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Living with Pride—National Library exhibition

National Library Living with Pride exhibition documents LGBTI+ life and activism in Ireland

Living with Pride: Photographs by Christopher Robson tells the story of Ireland’s journey toward LGBTI+ equality and the man who captured it on camera

Celebration and defiance are to the fore of a major new photographic exhibition from the National Library of Ireland, which has just launched at the National Photographic Archive, Temple Bar, and online.

Living with Pride: Photographs by Christopher Robson documents LGBTI+ life and activism in Ireland during the nineties and noughties, and tells the story of Christopher Robson, who captured – through his personal photography – much of Ireland’s remarkable journey toward LGBTI+ equality. The exhibition is co-curated with the NLI by Christopher Robson’s civil partner, Bill Foley.  It was launched by Minister for Tourism, Culture, Arts, Gaeltacht, Sport and Media, Catherine Martin. A fully virtual version of the exhibition is also available to view here.

Christopher Robson and Bill Foley

Christopher Robson was a central figure in Irish LGBTI+ activism, helping found the Dublin Lesbian and Gay Men’s Collectives, Gay Health Action – the first AIDS organisation in Ireland – and the Gay and Lesbian Equality Network (GLEN). He played a key role in the decriminalisation of homosexuality, and was pivotal in the introduction of civil partnership and the enactment of State equality legislation.

His photographic collection of around 2,000 slides, which capture the LGBTI+ experience at a time when prejudice, discrimination and inequality was commonplace, was donated to the Library in 2015 by Christopher’s civil partner, Bill Foley.

Photographs in Living with Pride include LGBTI+ protests in Dublin, Paris and New York; seminal moments at home, including law reform in 1993;  Dublin Pride marches over the years and well-known figures, including  The Diceman and Panti Bliss.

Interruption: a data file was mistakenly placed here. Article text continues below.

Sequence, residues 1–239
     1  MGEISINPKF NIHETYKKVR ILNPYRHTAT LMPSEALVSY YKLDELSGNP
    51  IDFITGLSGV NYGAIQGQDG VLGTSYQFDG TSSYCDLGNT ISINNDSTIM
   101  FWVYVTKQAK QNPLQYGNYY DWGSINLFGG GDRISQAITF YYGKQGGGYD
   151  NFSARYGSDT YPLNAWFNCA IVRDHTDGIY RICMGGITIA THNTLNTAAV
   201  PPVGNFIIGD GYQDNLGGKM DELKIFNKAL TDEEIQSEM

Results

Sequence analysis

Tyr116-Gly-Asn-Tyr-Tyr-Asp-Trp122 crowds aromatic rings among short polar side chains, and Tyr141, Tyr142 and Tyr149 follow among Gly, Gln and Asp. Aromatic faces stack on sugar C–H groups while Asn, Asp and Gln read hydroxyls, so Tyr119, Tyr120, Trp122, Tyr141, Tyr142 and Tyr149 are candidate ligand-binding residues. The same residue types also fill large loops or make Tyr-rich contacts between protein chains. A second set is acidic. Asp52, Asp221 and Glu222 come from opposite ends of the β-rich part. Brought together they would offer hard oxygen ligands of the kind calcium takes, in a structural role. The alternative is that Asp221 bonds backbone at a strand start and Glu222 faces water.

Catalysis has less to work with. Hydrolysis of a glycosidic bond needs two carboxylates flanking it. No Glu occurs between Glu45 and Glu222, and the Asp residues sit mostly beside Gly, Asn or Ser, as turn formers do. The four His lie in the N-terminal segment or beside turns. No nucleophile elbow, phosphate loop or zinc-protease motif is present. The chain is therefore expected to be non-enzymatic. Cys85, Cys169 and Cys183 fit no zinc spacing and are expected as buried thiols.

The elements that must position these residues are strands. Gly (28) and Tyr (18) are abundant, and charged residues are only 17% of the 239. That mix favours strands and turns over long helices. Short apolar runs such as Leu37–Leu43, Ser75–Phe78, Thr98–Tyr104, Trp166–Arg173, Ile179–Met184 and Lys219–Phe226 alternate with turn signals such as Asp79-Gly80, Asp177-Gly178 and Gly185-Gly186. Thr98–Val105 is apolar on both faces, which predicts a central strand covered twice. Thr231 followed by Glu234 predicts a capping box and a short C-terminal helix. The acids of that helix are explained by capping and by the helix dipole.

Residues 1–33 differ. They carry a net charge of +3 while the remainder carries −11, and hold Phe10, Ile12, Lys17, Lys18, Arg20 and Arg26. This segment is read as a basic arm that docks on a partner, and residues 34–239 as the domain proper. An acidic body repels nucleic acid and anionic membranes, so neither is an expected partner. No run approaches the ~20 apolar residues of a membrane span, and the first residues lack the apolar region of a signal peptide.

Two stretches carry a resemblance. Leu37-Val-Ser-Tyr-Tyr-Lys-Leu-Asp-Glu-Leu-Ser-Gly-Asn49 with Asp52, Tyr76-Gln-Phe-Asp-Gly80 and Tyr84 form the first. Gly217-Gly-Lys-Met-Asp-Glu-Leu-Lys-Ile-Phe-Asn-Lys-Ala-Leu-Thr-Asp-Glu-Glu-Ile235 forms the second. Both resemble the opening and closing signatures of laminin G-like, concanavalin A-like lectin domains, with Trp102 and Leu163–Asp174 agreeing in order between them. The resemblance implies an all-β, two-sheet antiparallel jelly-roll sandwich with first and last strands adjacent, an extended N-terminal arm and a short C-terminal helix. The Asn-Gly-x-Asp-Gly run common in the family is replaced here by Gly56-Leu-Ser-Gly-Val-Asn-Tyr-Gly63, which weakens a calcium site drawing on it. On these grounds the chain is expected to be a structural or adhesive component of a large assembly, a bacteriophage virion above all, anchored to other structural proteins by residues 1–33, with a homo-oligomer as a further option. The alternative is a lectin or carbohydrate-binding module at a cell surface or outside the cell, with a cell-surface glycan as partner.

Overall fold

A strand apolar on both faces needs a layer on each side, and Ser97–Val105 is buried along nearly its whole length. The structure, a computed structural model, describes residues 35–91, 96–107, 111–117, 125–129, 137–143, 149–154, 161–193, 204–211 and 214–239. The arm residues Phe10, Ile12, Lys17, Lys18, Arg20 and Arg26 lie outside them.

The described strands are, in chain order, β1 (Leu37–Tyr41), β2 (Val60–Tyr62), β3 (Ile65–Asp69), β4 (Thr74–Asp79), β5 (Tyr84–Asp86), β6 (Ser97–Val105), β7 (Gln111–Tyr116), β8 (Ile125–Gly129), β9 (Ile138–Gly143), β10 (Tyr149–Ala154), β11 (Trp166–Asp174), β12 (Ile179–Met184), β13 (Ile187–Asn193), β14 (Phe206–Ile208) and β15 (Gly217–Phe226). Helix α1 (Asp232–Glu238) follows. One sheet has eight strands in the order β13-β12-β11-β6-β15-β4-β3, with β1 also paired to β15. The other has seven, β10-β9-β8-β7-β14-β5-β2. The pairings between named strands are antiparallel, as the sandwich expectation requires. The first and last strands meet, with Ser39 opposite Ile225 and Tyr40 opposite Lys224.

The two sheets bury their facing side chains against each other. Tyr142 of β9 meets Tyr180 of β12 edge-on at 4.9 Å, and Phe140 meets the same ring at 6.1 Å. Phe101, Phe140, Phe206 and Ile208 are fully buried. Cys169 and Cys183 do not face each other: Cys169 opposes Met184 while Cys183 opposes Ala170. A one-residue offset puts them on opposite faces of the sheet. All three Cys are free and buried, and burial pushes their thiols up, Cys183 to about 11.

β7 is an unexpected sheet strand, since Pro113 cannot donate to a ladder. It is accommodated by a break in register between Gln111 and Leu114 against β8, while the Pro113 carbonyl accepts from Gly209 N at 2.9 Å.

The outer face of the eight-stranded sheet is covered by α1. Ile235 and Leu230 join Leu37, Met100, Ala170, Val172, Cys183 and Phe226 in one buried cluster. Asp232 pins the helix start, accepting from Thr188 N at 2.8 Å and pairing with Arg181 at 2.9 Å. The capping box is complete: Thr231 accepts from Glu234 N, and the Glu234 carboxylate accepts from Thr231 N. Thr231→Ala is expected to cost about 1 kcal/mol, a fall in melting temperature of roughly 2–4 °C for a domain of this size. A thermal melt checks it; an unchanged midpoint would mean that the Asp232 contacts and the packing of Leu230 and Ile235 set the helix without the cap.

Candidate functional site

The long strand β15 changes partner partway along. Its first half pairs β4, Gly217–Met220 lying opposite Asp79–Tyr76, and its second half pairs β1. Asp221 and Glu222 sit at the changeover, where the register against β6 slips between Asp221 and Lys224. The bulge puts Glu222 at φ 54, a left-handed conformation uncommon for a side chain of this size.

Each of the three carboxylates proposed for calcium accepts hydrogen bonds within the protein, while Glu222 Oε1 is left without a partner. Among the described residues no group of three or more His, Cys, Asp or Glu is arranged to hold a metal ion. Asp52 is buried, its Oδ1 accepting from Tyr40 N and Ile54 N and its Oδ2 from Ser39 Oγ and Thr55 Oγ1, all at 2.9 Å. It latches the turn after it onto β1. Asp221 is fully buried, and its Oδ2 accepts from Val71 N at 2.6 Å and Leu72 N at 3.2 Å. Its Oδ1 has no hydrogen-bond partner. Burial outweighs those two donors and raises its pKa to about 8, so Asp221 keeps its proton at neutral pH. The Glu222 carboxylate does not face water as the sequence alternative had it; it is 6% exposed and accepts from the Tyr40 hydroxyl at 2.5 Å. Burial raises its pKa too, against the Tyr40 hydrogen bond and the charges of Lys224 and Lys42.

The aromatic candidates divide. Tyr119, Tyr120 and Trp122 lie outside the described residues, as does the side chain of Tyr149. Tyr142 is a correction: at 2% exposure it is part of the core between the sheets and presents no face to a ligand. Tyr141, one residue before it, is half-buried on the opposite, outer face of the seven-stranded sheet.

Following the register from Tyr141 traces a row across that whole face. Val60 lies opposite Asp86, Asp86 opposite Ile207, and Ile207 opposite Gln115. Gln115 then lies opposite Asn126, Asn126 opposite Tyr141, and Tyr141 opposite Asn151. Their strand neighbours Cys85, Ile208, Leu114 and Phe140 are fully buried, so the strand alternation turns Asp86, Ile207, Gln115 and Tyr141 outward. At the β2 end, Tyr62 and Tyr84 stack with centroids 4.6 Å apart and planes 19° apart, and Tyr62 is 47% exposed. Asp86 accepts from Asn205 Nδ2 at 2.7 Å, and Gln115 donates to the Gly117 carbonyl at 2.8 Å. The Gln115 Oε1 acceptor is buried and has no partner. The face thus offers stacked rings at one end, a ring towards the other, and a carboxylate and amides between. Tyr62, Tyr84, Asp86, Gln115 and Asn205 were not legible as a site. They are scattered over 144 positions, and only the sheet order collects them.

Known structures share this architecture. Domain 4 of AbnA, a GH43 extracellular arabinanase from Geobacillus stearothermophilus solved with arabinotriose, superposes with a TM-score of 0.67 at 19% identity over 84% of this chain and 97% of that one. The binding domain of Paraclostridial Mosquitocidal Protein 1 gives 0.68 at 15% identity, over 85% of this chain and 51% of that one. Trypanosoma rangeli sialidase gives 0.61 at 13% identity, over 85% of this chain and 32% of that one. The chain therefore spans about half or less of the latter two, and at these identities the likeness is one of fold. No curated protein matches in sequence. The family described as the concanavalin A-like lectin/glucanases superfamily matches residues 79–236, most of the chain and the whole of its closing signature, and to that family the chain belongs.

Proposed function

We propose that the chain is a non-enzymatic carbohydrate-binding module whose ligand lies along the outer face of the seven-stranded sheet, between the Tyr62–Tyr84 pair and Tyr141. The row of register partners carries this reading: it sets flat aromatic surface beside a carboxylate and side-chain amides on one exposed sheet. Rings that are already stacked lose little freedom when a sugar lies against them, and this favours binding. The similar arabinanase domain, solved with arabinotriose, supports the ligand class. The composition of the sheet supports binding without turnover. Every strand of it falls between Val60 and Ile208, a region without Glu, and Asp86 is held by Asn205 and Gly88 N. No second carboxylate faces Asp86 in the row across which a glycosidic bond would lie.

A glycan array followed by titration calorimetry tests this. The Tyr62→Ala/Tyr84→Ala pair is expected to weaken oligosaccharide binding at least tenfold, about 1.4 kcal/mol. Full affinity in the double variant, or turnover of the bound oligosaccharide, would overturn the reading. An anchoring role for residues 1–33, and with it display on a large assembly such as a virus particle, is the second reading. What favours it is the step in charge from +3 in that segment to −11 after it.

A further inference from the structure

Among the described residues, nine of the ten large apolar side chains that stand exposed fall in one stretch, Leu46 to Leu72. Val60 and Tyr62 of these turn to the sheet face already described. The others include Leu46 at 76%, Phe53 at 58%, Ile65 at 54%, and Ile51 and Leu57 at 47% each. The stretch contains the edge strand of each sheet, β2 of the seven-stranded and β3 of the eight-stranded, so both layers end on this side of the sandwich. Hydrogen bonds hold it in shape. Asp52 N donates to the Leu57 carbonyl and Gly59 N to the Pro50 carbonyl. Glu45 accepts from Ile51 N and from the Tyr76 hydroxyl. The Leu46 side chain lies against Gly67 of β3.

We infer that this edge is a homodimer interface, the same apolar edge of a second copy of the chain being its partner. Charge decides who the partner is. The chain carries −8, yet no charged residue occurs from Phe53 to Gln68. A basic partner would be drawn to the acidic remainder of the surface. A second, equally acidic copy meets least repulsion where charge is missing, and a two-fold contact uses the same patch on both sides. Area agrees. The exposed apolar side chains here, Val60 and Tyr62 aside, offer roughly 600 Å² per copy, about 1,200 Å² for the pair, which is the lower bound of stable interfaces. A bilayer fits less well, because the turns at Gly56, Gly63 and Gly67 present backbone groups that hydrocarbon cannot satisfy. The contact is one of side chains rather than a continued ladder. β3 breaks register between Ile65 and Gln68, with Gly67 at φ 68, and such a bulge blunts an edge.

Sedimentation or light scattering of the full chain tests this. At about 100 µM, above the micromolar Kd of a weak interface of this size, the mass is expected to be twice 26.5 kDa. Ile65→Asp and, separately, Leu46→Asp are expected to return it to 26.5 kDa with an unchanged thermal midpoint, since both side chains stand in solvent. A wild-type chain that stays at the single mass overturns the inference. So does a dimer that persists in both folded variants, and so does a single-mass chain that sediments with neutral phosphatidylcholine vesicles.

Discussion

Panti Bliss

The exhibition offers visitors a chance to learn more about a man who captured and contributed to Ireland’s remarkable trajectory for LGBTI+ equality from decriminalisation and a softening of public attitude to the decisive public vote in the marriage equality referendum in 2015.

Speaking at the launch, Director of the NLI, Dr Sandra Collins said: “As Ireland’s memory-keeper, the National Library is committed to ensuring that stories which may historically have been marginalised or lesser-told have a place. Living with Pride is a flagship project for the National Library this year and represents a commitment to diversity and inclusion and LGBTI+ equality. The National Library’s LGBTI+ collections are extensive and are preserved, shared, accessed and studied as part of the story of Ireland.

“This is a wonderfully vibrant and colourful exhibition with an important message of resilience behind it, and I hope people will make it a part of their Pride plans this year and visit the NLI’s National Photographic Archive in Temple Bar. The exhibition and the full photographic collection are all digitised and available online, so you can also explore and enjoy them wherever you are.”

Minister for Tourism, Culture, Arts, Gaeltacht, Sport and Media, Catherine Martin TD added: “Christopher Robson’s legacy is expansive, and his work has contributed greatly to contemporary LGBTI+ life in Ireland, and to wider society. The tireless and brave activism of Christopher, and his peers, has helped pave the way towards an Ireland of tolerance, inclusion and dignity for LGBTI+ people, a place where pride is celebrated. The exhibition serves as a powerful reminder of the road LGBTI+ people in this country have travelled and I would like to congratulate the National Library for mounting such an important exhibition.”

John Hawkins

Christopher Robson’s civil partner, Bill Foley said: “Christopher regarded his contribution to the drive towards full equality for Irish LGBTI + people as among the proudest and most significant achievements of his life. He was also concerned with their representation. This exhibition reflects those dual concerns of his. It tells the story of the community alongside Christopher’s own story. Living with Pride shows our community at its best: joyful, defiant and united. I know he would be immensely proud of this exhibition, as I am proud of him. I would like to thank the NLI for creating a space in which Christopher’s story, and the story of our community can be sensitively told. It is my hope that people will visit this exhibition online or in-person and feel inspired by what is possible by coming together as a community.”

The exhibition is accompanied by a programme of events running throughout 2021, exploring Irish LGBTI+ identity and experience during the last several decades and into the present day, co-curated by activist, archivist and writer, Tonie Walsh.


Living with Pride: Photographs by Christopher Robson is open Monday-Friday, 10am-4pm at the National Photographic Archive, Meeting House Square, Temple Bar, and online.

For more information, to view the exhibition and for the most up-to-date programme of events, visit nli.ie.

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